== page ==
Maná Frontman, Fher Olvera, Says Trump 'Hates Latinos, Wants White Supremacy'

Fher Olvera
Recording artist Fher Olvera of music group Mana attends the 16th Latin GRAMMY Awards at the MGM Grand Garden Arena on November 19, 2015 in Las Vegas, Nevada. Christopher Polk/Getty Images for LARAS

Last summer, Maná’s Fher Olvera had already brought up issues concerning Donald Trump and his obvious racism. In fact, during one of the Mexican band’s concerts in Los Angeles, Olvera decided to bring the subject up to their fans and said, “We feel sorry for that Mister. He is incompetent. I haven’t heard a speech as violent as that and with so much hate since Hitler.”

Olvera reaffirmed his fears and belief in an interview with the Huffington Post over the phone from Guadalajara. “We see thousands and millions of people in trouble, millions of people who they want to deport for working, for doing the jobs in the United States that are harder and more complicated and tougher,” Olvera insisted adding it is not OK to do this to people “who are putting bread on the table.”

The vocalist also expressed his concerns about the GOP candidate’s lack of experience. “A guy who does reality shows can’t lead a country, much less the most powerful country in the world,” he said. But what worries Olvera the most is the “undertone of Trump’s message.”

“From my perspective, Trump is a racist person. If he’s started to speak well of Latinos it’s because he needs their vote. But I think that Latinos aren’t stupid. I think Latinos are reading between the lines and understanding that he doesn’t like Latinos and that he wants white supremacy.”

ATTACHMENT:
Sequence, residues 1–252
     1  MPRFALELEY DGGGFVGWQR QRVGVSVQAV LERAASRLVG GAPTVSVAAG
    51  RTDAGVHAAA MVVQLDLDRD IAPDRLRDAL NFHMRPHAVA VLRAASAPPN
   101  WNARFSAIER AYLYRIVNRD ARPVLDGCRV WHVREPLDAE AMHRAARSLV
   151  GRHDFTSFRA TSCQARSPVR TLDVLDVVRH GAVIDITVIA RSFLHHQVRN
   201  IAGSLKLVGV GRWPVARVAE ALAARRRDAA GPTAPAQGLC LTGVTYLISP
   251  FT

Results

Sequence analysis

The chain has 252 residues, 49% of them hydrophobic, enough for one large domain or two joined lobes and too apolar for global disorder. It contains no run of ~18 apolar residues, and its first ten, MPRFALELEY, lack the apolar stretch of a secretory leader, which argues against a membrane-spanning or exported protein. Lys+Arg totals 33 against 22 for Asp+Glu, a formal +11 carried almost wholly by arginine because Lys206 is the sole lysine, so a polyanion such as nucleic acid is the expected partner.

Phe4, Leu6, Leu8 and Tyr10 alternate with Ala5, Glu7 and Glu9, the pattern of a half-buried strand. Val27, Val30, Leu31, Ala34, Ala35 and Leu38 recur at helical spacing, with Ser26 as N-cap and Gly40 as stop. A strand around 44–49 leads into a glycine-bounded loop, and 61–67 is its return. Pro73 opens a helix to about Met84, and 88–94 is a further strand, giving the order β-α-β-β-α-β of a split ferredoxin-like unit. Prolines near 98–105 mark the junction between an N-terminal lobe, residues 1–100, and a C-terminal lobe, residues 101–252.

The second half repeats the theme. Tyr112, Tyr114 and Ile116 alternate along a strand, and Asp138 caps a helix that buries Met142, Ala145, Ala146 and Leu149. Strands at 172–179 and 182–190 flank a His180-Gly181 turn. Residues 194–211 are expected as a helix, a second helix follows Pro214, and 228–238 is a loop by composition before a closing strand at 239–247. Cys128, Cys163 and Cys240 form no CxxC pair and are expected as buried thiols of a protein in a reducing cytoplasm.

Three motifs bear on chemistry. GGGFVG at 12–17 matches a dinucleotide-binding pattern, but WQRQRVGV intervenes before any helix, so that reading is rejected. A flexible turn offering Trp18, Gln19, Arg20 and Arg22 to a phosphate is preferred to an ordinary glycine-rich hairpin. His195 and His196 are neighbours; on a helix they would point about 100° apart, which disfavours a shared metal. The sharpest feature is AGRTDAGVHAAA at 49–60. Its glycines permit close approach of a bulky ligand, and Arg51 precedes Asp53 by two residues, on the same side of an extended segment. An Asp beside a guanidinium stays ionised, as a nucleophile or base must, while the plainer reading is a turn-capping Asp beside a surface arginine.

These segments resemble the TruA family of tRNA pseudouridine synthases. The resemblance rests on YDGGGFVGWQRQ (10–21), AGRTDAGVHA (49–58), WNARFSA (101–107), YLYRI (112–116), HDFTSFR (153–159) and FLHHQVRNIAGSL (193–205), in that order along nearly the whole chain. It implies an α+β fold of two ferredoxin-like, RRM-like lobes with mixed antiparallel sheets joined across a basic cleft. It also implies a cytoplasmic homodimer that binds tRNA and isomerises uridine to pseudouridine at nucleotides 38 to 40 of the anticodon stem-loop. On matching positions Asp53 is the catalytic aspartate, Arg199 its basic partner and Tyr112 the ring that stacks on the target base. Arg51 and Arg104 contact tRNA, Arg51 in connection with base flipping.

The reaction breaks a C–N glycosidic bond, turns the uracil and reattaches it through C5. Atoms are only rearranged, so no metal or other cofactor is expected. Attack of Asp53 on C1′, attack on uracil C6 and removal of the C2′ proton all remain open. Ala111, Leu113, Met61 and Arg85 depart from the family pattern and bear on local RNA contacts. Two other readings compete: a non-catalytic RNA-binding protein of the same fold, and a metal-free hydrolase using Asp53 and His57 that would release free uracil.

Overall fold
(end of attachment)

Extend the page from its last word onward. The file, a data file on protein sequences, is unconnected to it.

The band has been making numerous efforts and joining movements such as the Latino Power Tour and collaborating with Voto Latino.

Olvera says it is extremely important for Latinos understand that they “can move presidents now,” and as a community, we can make the difference. “The vote of a senator is the same. It has the same weight and the same value, so it’s important to go out and vote so the most human political party, the one with the best conditions and the one that is willing to push for fair immigration reform [will be elected],” he explained.

What do you think?
Natalie Roterman
Natalie Roterman

Natalie (from Mexico) joined Latin Times back in 2014 and she is all about pop culture and entertainment. She also has a genetic love for food and traveling. Follow her and get the scoop on the biggest upcoming films and TV shows, plus interviews with your favorite stars that you won’t want to miss. When she’s not writing for Latin Times, she’s either filming her next episode of “El Show de Natalie,” at a movie theater, binge-watching a new TV series, or planning her next meal.